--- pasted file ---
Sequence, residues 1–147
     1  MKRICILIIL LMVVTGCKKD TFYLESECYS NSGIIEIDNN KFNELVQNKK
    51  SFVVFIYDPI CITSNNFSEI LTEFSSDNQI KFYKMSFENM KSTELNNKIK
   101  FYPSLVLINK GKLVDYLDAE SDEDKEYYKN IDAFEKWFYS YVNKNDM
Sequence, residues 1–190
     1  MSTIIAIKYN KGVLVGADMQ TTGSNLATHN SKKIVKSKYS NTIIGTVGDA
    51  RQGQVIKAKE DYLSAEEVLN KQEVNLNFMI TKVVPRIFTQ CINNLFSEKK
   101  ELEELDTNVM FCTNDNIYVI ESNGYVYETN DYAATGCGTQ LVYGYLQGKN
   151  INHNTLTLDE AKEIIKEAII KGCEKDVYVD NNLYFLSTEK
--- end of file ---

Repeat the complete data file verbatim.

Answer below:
Sequence, residues 1–147
     1  MKRICILIIL LMVVTGCKKD TFYLESECYS NSGIIEIDNN KFNELVQNKK
    51  SFVVFIYDPI CITSNNFSEI LTEFSSDNQI KFYKMSFENM KSTELNNKIK
   101  FYPSLVLINK GKLVDYLDAE SDEDKEYYKN IDAFEKWFYS YVNKNDM
Sequence, residues 1–190
     1  MSTIIAIKYN KGVLVGADMQ TTGSNLATHN SKKIVKSKYS NTIIGTVGDA
    51  RQGQVIKAKE DYLSAEEVLN KQEVNLNFMI TKVVPRIFTQ CINNLFSEKK
   101  ELEELDTNVM FCTNDNIYVI ESNGYVYETN DYAATGCGTQ LVYGYLQGKN
   151  INHNTLTLDE AKEIIKEAII KGCEKDVYVD NNLYFLSTEK